Put simply, the brain in love is a matter of chemistry. More specifically, Phenylethylamine, Norepinephrine, Oxytocin, Vasopressin, and Dopamine fuel the processes involved in attraction, love, and ultimately, the creation of relationships.
The visual component of the phenomenon of “love at first sight” may be explained by the release of a “feel-good” neurotransmitter, Phenylethylamine (PEA). PEA is a natural form of amphetamine and is released when we are first attracted to someone. Norepinephrine is also released which is what is responsible for the adrenal rush and can explain some of the physiological responses of falling in love such as an increased heart rate, sweaty palms, or even those butterflies we feel in our stomachs.
When we engage in physical contact, Oxytocin, the “love” or “cuddle” hormone, and Vasopressin are released. These two hormones are related to attachment and bonding, and according to two Harvard Medical School professors, they are responsible for producing that sense of calmness and security we feel towards our partners.
Dopamine, the neurotransmitter commonly associated with motivation, desire, and pleasure, plays a pivotal role. Just like using drugs with addictive properties or binge eating, when we are in love, dopamine is released, the brain’s reward and pleasure centers are activated, and a pleasurable experience (euphoria) is created. A 2017 study illustrated that the brain regions that “light” up when we become addicted to drugs or to material goods are the same as when we become emotionally dependent on our partners (Earp, Wudarczyk, Foddy, and Savulescu, 2017; Zou, Song, Zhang, and Zhang, 2016).
While understanding which areas of the brain become activated is crucial, it is equally important to understand which regions do not. Studies that use brain imaging scans illustrate that when the brain’s in love, activity in our prefrontal cortex, an area of the brain responsible for judgement and logic, is suppressed. Similar studies also show that activity decreases in the amygdala, a brain structure that is involved in learning and perceiving threatening stimuli. Reduced activity in the amygdala can be interpreted as a decrease in fear which may allow us to trust our partners more, ultimately creating closer bonds. In combination with the decreased activity in our prefrontal cortex, it means that love can quite literally blind us (Zeki, 2007). From an evolutionary perspective, this may beneficial in some cases as it means we can overlook some flaws, and that perhaps when searching for a partner, the fact that they do not check of every single one of our “boxes” may be okay after all.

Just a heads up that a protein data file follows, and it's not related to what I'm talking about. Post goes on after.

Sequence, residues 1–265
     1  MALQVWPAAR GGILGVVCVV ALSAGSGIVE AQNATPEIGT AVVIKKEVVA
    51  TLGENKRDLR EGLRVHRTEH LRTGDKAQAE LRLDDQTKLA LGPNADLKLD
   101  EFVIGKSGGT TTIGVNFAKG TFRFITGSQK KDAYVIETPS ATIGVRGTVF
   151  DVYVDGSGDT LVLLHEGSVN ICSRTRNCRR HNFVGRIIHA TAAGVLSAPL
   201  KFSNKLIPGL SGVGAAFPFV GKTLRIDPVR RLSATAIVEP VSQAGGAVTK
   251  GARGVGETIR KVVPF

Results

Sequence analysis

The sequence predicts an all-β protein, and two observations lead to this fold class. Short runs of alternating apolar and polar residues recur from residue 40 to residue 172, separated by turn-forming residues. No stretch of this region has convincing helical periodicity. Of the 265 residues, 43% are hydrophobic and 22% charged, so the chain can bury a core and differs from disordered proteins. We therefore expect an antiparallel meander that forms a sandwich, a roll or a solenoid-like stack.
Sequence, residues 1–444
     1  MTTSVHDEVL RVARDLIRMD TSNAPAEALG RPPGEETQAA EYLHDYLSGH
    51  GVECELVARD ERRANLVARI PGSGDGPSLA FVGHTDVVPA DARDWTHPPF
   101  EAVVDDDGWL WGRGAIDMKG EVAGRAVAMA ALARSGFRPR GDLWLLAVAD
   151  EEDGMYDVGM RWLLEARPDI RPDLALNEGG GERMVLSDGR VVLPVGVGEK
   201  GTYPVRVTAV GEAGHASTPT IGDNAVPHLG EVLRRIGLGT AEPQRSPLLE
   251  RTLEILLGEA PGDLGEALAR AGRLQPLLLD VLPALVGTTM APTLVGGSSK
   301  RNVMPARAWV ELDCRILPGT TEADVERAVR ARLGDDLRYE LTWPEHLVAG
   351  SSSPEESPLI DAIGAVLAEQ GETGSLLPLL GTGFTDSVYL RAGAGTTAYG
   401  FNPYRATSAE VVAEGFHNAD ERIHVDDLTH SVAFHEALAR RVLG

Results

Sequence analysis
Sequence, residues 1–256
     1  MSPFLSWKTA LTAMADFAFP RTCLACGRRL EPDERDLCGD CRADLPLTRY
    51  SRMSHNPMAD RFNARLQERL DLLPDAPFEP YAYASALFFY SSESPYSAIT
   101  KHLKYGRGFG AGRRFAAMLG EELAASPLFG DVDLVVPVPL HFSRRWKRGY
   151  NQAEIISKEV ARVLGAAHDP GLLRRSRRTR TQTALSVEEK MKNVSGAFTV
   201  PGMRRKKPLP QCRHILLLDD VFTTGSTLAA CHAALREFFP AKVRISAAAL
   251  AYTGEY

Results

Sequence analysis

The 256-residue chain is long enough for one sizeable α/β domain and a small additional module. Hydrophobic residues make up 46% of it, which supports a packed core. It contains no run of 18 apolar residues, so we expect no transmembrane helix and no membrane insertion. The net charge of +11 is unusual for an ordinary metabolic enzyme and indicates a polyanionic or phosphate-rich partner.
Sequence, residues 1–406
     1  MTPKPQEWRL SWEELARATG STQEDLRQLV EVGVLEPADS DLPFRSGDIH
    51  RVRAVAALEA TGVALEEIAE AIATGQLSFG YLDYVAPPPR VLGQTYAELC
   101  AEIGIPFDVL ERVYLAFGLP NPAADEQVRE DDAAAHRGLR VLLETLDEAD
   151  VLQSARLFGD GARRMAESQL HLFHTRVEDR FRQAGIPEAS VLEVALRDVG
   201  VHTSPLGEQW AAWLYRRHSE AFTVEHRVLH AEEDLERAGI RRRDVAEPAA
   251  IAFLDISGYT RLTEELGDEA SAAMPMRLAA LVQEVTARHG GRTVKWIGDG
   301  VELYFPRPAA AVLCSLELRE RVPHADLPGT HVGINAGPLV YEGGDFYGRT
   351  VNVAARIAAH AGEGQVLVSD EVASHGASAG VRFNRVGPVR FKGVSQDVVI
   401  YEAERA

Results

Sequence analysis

Needless to say, having a loving and enjoyable relationship does wonders for your brain. When you are calm and happy, your levels of stress hormones are lower, and you can sleep better. You may find that you can think better, solve problems more efficiently, and become more creative. To learn about other ways you can improve your sleep, mood, and brain performance, you can check out our Brain Fitness Program at NeuroGrow.com.
This blog was written by Ms. Katarina Veevers-Carter and edited by Dr. Majid Fotuhi
Earp, B.D., Wudarczyk, O.A., Foddy, B., Savulescu, J. (2017) Addicted to love: What is love addiction and when should it be treated? Philos Psychi Psycho, 24, 77-92.
Society for Neuroscience. (2003, November 11). Scientists Uncover Neurobiological Basis For Romantic Love, Trust, And Self. ScienceDaily. Retrieved February 7, 2020 from www.sciencedaily.com/releases/2003/11/031111064658.htm
Uddin, S. (2017). Neurochemistry of Love: Can Romance Love Truly be Addictive? Journal of Psychiatry, 21(1). DOI: 10.4172/2378-5756.1000e113
Zeki, S. (2007). The neurobiology of love. FEBS letters, 581(14), 2575-2579.
Zou, Z., Song, H., Zhang, Y., & Zhang, X. (2016). Romantic Love vs. Drug Addiction May Inspire a New Treatment for Addiction. Frontiers in psychology, 7, 1436. doi:10.3389/fpsyg.2016.01436